The Drive to the East
Early in June, 1941, Ambassador Winant returned to Washington to report and Averell Harriman started off from London on a flight to the Middle East to study supply problems at first hand. It was a brief period of suspension between crises when these harassed men could leave their posts. Hopkins was interested in an appreciation of the situation, brought to him by Winant, written by an American Army observer in London:
The Imperial situation, as a whole, seems to be deteriorating. The forces which Germany can exert are too enormous to be halted at once. At the same time, like lava, I am confident that as they spread further from the volcano's mouth, they will cool and slow down. It would be unfortunate if the Middle East fell, but if it absorbs the German effort all summer it will be worth while.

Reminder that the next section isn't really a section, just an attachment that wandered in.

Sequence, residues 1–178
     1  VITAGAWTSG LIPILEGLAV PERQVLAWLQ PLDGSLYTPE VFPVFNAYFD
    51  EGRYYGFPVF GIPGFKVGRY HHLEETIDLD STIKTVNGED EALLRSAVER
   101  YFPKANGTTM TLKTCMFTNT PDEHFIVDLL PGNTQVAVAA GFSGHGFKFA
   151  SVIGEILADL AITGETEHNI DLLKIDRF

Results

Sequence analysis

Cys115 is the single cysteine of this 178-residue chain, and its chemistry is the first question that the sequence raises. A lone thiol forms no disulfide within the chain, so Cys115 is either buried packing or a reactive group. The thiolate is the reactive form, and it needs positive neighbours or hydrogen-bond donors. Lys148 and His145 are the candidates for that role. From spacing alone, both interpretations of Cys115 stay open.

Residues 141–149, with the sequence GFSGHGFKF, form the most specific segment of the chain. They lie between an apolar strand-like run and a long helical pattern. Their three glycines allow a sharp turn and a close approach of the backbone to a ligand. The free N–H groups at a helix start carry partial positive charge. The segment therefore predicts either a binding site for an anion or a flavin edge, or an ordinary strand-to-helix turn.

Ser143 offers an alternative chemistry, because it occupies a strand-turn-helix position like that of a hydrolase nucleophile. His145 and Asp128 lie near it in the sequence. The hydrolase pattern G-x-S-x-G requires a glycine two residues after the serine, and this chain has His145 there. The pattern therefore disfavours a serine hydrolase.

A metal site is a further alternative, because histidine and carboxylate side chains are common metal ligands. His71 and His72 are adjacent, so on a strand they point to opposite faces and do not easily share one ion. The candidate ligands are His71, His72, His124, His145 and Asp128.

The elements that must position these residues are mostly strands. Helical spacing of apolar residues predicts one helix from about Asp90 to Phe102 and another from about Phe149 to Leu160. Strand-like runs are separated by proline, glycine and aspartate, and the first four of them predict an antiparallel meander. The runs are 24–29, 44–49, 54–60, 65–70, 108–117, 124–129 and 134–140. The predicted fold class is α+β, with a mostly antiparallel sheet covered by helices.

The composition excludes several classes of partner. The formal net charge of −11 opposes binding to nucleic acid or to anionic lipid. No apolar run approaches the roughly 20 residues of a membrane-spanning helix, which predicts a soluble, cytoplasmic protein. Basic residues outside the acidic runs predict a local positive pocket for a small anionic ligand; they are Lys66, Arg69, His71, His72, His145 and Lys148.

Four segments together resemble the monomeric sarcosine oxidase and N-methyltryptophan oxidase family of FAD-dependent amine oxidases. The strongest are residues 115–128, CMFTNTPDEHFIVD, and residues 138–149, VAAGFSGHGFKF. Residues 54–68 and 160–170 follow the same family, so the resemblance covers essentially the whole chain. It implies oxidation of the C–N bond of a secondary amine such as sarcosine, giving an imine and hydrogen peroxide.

I still believe the British can resist invasion. It will be a hard, bloody business, but what has occurred so far in Crete does not alter my opinion. By some error of judgment or lack of imagination, the R.A.F. withdrew all its planes. Even a few fighters would have wrought havoc amongst the German troop carriers at the outset and would have been well expended. There is likely to be serious criticism of this decision and technical reasons will not serve to quell it.
At the same time I have never believed and cannot see how the British Empire can defeat Germany without the help of God or Uncle Sam. Perhaps it will take both. God has undoubtedly been on the side of the big battalions so far, but may change sides. The equation at present is too unbalanced: 80,000,000 Germans in one lump+the labor of n slaves+8 years of intense rearming and organization+ frenzied fanaticism versus 70,000,000, British in 4 continents+zero slaves+only 3 years of real rearmament and no industrial mobilization+dogged determination.
It is another example of the old prize ring rule, "A good big man will beat a good little man every time."